PHOTO: The culture of the swimming pool will be at the centre of Australia's exhibition at the Venice Architecture Biennale

The Pool, a concept. Australian Institute of Architects

The swimming pool as a cultural symbol will form the foundation of the Australian exhibition at the 2016 Venice Architecture Biennale, the premier architectural forum in the world.

The exhibition design winner — The Pool by Aileen Sage and Michelle Tabet — was announced tonight at Australian Institute of Architects events in Sydney and Melbourne.

Visitors will be transported poolside through an immersive multi-sensory experience within the new Denton Corker Marshall-designed pavilion in Venice.

The Venice 2016 Creative Team: (l-r) Amelia Holliday, Michelle Tabet, Isabelle Toland. Image: Alex Mayes

Sight, scent, sound, reflection and perspective will create a series of perceptual illusions, bringing to Venice a suggestion of a particular Australian architectural condition.

Some of Australia’s most remarkable pools, be they natural or man-made, inland or coastal, temporary or permanent, will also be profiled as part of the exhibition.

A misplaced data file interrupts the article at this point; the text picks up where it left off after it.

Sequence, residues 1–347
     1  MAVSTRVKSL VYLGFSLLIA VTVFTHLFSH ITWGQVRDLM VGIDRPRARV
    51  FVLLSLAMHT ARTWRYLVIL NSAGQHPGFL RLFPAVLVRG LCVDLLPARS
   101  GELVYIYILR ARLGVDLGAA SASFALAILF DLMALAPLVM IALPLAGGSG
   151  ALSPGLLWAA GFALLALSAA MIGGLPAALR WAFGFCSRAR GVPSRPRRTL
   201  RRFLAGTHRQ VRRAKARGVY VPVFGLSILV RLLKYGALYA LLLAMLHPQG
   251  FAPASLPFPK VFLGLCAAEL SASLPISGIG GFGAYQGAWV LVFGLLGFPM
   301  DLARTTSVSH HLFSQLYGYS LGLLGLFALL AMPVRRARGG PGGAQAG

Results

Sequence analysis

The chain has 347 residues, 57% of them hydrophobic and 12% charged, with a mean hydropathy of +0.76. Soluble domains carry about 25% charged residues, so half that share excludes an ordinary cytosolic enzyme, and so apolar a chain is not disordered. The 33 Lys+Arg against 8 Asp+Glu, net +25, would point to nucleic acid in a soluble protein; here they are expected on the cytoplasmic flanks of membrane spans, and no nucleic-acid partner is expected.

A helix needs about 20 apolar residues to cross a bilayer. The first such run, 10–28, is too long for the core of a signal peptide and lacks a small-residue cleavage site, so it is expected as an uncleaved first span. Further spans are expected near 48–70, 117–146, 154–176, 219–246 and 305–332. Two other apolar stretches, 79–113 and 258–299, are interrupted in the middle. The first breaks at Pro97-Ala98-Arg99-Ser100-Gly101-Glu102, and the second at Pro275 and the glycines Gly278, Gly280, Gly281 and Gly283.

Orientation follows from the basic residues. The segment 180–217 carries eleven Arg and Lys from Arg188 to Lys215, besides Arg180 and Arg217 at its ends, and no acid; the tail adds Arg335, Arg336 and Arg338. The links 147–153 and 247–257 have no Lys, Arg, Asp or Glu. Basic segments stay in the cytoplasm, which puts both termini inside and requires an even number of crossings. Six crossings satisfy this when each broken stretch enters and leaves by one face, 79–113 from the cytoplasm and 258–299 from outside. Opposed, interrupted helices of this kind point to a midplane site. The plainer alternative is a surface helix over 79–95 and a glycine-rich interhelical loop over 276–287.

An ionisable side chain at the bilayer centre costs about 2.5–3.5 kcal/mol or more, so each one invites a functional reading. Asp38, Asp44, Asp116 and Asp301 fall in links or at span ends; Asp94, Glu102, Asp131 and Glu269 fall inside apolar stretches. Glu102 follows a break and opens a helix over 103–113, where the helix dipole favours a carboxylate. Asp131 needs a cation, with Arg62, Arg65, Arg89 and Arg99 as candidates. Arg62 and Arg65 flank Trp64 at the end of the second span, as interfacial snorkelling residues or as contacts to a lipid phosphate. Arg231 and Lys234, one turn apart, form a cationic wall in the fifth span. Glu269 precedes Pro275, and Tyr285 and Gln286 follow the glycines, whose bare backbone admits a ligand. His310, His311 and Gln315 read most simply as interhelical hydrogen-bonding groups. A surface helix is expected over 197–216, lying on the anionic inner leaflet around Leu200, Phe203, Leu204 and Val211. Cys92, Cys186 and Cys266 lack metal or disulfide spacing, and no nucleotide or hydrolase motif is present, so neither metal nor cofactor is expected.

“From pools of necessity to the pools of excess, the pool is a key architectural device, a memory and also a setting,” the new creative directors said. “It has the unique ability to evoke both the sacred and the profane and also aptly represents a distinctively Australian democratic and social space – a great leveller of difference.”

Aileen Sage is a Sydney based architectural practice founded by Isabelle Toland and Amelia Holliday.

The pair teamed up with Michelle Tabet, an urban strategist heading her own boutique consulting practice, to develop the winning concept.

The 2016 Biennale sees the architecture exhibition in the new Australian Pavilion open in May.

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